Coaching to Energize

Coaching to Energize

Whether you are an instruction coach, teacher leader, administrator, or other educator who supports classroom teachers, you may have has a situation where your conversation had the opposite effect of what you intended. 

Rather than teachers feeling empowered and energized, perhaps they felt exhausted and stressed. In the book Better Conversations, Jim Knight states that effective conversations should be life-giving (2016). All too often in the world of education, our conversations sap the energy of classroom teachers. How can we do better at encouraging our colleagues? Here are four ideas to energize your coaching conversations.

Don’t Make Too Many Suggestions

Have you been in a situation before where you really felt like the expert? Perhaps, you dominated the listener with all of the wonderful things you know, and you soon recognized a look of boredom or stress take hold of their faces. Sometimes we can say too much. We can overwhelm our conversation-partners with too many resources, ideas, or strategies. In coaching conversations, it is better to first ask a teacher if he or she wants suggestions. If he or she agrees, share two or three possibilities, and then ask which of those seem most promising. This discussion strategy also encourages the teacher’s agency.

Encourage Agency

Learning Forward and and the National Commission on Teaching & America’s Future report entitled Moving from Compliance to Agency: What Teachers Need to Make Professional Learning Work states that “teacher agency is the capacity of teachers to act purposefully and constructively to direct their professional growth and contribute to the growth of their colleagues” (Calvert, 2016). Asking the right questions can help teachers reflect on what their next moves should be. As results of a positive coaching conversations, teachers make self-directed plans for improving student learning based on careful considerations of their students, content areas, and classroom contexts. Agency begets confidence, which begets the energy we need to tackle challenges.


Listening is not always easy. Our monkey minds often take over – thinking about all the things we have to do. Technology can be a distraction. The call of the laptop or mobile phone often interrupts our continuous attention to the person with whom we are speaking. Imagine that you are a teacher who has trusted someone enough to discuss the hard struggles in your practice – that perhaps you have shared with no one before — and your conversation partner decides to check their Facebook accounts at that moment. Trust erodes, and you have a hard time opening up like that again. Attentive listening can really improve the effectiveness of coaching.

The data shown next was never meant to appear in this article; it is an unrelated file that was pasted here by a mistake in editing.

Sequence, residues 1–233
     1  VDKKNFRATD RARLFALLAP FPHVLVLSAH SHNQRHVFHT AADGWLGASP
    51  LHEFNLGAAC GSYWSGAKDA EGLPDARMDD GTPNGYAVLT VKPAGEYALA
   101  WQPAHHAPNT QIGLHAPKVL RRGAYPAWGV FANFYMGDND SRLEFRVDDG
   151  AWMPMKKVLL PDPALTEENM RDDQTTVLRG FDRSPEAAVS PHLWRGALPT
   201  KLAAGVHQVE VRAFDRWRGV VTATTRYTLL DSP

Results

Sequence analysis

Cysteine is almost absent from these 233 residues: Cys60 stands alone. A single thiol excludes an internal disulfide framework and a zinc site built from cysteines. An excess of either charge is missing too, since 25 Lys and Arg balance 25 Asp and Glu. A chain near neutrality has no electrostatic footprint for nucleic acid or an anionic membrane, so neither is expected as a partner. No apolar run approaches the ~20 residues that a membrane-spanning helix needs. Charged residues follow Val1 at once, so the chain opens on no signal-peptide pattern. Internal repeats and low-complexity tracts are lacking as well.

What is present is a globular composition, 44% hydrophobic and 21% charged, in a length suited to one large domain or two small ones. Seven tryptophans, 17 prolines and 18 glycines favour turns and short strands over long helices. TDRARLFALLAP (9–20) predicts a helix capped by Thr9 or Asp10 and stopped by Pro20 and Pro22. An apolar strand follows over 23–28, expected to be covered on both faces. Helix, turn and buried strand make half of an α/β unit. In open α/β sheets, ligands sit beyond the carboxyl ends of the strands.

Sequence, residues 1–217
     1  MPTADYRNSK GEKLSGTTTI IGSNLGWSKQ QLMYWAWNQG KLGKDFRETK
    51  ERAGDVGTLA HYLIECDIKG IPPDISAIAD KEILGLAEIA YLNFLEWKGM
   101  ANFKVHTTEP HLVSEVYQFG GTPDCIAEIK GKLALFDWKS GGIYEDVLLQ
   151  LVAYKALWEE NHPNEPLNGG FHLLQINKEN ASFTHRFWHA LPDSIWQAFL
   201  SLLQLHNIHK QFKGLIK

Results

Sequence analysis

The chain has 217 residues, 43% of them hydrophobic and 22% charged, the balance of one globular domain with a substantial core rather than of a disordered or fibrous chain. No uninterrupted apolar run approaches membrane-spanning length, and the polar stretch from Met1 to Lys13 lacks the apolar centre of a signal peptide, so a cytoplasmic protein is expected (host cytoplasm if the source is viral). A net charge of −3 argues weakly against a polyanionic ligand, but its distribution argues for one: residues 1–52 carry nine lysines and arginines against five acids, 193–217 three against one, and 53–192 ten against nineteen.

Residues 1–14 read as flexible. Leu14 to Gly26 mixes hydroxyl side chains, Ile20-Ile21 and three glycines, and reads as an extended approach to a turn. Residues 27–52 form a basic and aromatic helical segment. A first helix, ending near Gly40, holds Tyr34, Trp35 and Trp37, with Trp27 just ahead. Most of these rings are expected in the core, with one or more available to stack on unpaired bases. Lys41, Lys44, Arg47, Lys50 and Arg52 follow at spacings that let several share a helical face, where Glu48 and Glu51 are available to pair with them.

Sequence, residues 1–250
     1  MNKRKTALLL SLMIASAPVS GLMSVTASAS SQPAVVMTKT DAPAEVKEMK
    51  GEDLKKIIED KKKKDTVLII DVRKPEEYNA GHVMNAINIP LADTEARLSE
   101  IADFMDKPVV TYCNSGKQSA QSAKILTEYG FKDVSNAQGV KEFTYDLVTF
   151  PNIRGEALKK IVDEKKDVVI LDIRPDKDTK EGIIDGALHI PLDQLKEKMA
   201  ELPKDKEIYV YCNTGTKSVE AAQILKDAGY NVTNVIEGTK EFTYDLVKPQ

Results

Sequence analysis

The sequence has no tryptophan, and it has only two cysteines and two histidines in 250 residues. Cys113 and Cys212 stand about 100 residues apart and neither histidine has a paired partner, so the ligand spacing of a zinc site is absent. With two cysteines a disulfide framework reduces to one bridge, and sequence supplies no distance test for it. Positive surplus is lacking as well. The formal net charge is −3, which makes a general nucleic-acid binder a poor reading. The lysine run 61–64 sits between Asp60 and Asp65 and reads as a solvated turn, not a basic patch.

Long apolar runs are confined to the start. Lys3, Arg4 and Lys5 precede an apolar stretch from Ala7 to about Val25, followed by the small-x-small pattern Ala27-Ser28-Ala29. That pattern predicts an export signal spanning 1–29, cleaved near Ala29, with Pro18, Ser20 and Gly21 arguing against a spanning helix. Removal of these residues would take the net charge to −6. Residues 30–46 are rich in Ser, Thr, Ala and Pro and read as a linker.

Use the Teacher’s Language

As we listen to teachers set goals and reflect on progress, we must remember that the goals are the teachers’ goals, not ours. Teachers may know exactly what they want to accomplish, but they don’t always speak in educational research jargon. That’s OK! It isn’t our job as coaches to turn the teacher into our “mini me’s.” They do not need to speak as we do. It is our job to partner with teachers to empower them. If the teacher expresses an idea or strategy, but doesn’t use the terminology you are familiar with, simply use the teacher’s language. Over time, if the more correct terminology is needed, it can be weaved into the conversation.

Conversations should be life-giving rather than energy-draining. Small shifts in how we speak and listen can make a big impact for  teachers and their work with students.

Kathy Perret is a co-author of ASCDs The Coach Approach to School Leadership: Leading Teachers to Higher Levels of Effectiveness.  She works as an educational consultant who specializes in training and ongoing support for instructional coaches. She is the co-moderator of the weekly #educoach Twitter chat on instructional coaching and is the author of the popular education blog Learning is Growing, where she shares her passion for empowering and inspiring educators so they can influence student learning. Connect with Perret on Twitter @KathyPerret.
Kenny McKee s a National Board Certified Teacher who currently serves as a high school instructional coach in the Buncombe County Schools district in Asheville, NC. His interests include teacher leadership, blended learning, disciplinary literacies, and instructional coaching. He is the co-creator of ASCD’s #EdAdvBecause chat, and he was a 2014 ASCD Emerging Leader. Connect with him on his blog ( or on Twitter (@kennycmckee).